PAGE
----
|Directed by:||Steven Spielberg|
|Written by:||Jeff Nathanson|
|Cast:||Harrison Ford, Shia LaBeouf, Cate Blanchett, John Hurt, Ray Winstone|
Is it the surfeit of thrills, the glorious action sequences, the mysterious and intriguing plots, the quaint nostalgia, or the sheer fun of it all that has made Indiana Jones one cinema’s most beloved creations? After a near twenty year absence from the silver screen, one can easily and justifiably expect a triumphant return that recaptures all of those assets and delivers the goods that we all know and enjoy, be it within a plentiful amount of colorful characters or as many thrills can be mustered from a surefire plot. Does “Indiana Jones and the Kingdom of the Crystal Skull” disappoint? If one is expecting more than a silly good time, then yes, it painfully does so.
Set in 1959, the fourth Indy chapter has our now venerable hero going up against not the Nazis but, you guessed it, the Russians in the search for a mystical artifact known as the “crystal skull”, which of course can only grant great omnipotence to whomever collects all six of the skulls that are known to exist. As a group of hostile KGB soldiers led by Cate Blanchett’s compelling Agent Spalko hunt down try to hunt down Indiana Jones for answers and guidance in their power-hungry search, Jones finds himself pulled into the fast lane once again with a newfound sidekick in a greaser named Mutt and a rediscovered old flame in Marion Ravenwood. While this plot rundown does initially resonate along the lines of the pulp comic-book/Saturday-morning serial inspired spirit of the previous three Indy ventures, the film’s central and biggest flaw undeniably comes within its floppy, lazily executed plot. In fact, there is one question in particular that still boggles my mind, and that is how, after twenty years of brainstorming, such creative minds as George Lucas and Steven Spielberg could come up with such a weak crux to their gloriously anticipated return to one of the most vital projects of their careers.
In a sense I could see where Lucas and Spielberg were coming from. With their first three outings coming from the pulpy B-grade adventure serials of their childhoods, they this time set their foray strictly on their new timer period: the 1950’s; a decade riddled with a surplus of cheesy science fiction pictures suffused with invading extraterrestrials, government conspiracies, and journeys into the unknown. It’s all very kitsch and for the sole sake of entertainment, which is what Indiana Jones has always been about in the first place, and yet, one can’t help but feel that by having Kingdom of the Crystal Skull model its foray after this cheesy, implausible, and admittedly silly genre, it simply detaches the film from its predecessors by lacking in their grand sense of wonder and intelligence. With such excellent, intriguing, and even thought-provoking utilizations of the Arc of the Covenant and the Holy Grail, the gist of a crystal skull with, spoilers aside, boring and predictable capabilities just falls flat on its face and adds barely any extra layers and themes to the story like the previous “MacGuffins” did so splendidly.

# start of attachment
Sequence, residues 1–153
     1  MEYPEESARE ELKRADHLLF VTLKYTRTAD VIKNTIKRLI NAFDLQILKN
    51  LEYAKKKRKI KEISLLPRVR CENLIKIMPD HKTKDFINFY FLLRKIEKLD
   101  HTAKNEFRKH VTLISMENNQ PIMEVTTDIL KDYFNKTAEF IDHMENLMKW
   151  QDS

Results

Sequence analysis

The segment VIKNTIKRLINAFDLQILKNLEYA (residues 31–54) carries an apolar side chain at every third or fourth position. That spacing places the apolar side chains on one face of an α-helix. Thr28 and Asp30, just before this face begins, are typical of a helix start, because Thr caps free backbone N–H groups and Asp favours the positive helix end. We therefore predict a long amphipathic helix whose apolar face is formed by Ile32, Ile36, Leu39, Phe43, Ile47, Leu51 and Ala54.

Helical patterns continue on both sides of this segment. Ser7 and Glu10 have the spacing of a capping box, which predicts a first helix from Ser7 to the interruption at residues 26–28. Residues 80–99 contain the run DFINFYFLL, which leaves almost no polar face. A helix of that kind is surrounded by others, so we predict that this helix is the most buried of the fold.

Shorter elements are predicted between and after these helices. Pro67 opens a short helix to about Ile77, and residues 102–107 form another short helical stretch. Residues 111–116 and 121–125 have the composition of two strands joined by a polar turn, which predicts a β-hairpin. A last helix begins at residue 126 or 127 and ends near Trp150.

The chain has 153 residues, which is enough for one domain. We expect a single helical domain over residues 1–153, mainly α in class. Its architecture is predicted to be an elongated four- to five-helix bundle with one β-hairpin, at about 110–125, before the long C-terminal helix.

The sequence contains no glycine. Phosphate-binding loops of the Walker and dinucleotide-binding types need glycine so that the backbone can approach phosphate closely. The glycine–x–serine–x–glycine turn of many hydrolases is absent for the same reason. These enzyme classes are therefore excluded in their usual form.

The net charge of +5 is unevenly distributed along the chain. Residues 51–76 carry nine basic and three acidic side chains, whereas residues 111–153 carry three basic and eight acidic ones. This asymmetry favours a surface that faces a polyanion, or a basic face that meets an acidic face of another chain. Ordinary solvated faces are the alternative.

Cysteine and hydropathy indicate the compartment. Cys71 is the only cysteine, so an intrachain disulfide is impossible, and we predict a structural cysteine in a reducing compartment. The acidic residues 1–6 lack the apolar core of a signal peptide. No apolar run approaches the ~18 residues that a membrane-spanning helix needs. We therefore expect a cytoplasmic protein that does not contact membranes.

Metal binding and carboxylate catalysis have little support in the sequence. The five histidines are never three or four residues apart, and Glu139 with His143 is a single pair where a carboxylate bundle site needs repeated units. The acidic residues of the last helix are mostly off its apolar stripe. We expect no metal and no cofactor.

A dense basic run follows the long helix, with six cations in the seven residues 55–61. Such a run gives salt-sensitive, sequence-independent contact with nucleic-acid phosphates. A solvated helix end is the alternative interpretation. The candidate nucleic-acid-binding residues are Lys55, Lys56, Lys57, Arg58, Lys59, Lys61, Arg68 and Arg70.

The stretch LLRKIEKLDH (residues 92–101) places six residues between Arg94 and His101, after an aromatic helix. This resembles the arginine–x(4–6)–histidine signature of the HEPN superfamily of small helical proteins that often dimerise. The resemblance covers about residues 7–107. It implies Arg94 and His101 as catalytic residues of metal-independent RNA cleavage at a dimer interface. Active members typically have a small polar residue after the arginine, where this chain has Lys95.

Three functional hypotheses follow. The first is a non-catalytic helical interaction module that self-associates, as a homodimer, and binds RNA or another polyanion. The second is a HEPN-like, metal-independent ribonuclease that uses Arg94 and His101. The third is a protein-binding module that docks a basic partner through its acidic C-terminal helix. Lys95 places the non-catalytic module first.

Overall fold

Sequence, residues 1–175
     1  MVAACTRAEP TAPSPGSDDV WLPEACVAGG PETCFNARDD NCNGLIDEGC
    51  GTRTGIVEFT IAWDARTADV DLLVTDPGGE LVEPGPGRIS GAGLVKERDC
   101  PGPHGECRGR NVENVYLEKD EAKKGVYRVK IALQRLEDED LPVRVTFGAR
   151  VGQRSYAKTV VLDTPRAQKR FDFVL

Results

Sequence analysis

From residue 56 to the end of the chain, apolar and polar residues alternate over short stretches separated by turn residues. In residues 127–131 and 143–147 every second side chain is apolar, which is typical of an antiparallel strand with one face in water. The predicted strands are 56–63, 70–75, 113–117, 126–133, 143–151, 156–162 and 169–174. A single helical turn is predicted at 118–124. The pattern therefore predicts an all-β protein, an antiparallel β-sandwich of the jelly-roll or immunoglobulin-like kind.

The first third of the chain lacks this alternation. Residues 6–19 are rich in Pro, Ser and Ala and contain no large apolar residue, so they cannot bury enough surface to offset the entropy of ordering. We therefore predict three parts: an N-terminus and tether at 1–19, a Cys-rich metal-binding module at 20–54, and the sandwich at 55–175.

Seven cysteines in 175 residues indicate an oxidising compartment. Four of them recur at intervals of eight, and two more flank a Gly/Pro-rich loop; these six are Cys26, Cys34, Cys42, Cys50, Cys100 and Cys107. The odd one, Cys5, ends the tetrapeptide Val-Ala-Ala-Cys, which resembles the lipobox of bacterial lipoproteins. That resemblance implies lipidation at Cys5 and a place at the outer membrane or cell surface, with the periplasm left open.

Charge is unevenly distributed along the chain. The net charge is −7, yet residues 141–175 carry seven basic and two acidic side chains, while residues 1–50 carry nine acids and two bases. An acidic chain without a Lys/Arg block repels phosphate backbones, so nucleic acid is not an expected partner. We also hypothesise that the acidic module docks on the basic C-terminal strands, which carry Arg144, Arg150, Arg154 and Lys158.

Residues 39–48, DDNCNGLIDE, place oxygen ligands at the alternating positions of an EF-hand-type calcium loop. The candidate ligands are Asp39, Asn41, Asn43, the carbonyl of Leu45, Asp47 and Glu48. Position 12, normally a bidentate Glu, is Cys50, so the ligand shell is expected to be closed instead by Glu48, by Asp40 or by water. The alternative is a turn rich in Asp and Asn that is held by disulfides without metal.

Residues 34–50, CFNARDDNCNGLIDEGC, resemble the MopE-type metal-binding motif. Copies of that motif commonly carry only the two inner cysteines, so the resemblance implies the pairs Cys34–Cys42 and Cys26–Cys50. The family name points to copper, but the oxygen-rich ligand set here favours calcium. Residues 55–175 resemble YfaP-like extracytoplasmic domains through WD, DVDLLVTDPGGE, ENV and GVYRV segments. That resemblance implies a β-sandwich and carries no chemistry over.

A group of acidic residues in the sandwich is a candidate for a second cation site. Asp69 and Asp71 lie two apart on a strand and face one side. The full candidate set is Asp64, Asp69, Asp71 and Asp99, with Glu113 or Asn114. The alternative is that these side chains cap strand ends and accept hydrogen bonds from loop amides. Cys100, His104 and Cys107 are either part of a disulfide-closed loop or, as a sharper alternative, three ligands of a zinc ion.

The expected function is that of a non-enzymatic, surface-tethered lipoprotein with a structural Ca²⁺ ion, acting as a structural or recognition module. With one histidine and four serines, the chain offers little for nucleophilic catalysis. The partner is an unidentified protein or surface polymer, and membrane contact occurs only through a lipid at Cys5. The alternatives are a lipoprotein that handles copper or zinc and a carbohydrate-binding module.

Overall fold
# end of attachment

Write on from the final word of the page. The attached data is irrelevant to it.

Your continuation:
Choosing the Russians as the film’s villains this time around is another utilization of the film’s setting that works on a very hit-or-miss level. On one hand, Agent Spalko and her group of KGB agents do fill in for the Nazi’s mercilessness quite well, but are far from delivering on the same freight train. Cate Blanchett’s Agent Spalko, while compelling, just isn’t as formidable as she had the potential of being. She barely shows any passion in her power-hungry pursuit and her only mark as a villain seems to only come from her accent and the sword she carries at her hip. Is Spalko at all formidable against the whip-wielding archeologist? Barely.
But what Crystal Skull lacks in the sharpness we would expect to find in an Indy movie it makes up for in its wit and lightheartedness, and once one comes to accept those two assets as the film’s central intentions one can certainly appreciate its efforts by some margin. Everyone involved clearly had a hell of a time while making the film. Great talents in the likes of Ray Winstone, Cate Blanchett, and John Hurt, while wasted in their weak and limited roles, do make the most of David Koepp’s poorly written script with all of the fun one would expect to find on the globe-trotting set of an Indy picture. With Harrison Ford delivering once again to pitch-perfection and Karen Allen as radiant as ever, the true surprise performance came from Shia LaBeouf. With character that could have easily been rubbed as annoying, LaBeouf succeeds in the same way he carried last summer’s Transformers by just igniting his performance with his natural charm, wit, and charisma.
Watching Crystal Skull was definitely one of the most fickle film experiences I’ve ever had. I just couldn’t help but be simultaneously entertained and disappointed – as odd as that sounds. There are a numerous amount of things that sets the film apart from the original trilogy – David Koepp’s debacle of a screenplay, the nearly devoid sense of the character development I was hoping to see, and even Janusz Kaminski’s unfitting
cinematography that fails to capture the pulpy, comic book-like essence of the previous films. Creative qualms aside, this is a very fun film that does have its share of thrills and action sequences that do manage to capture the awesome experience of its predecessors, if only limitedly.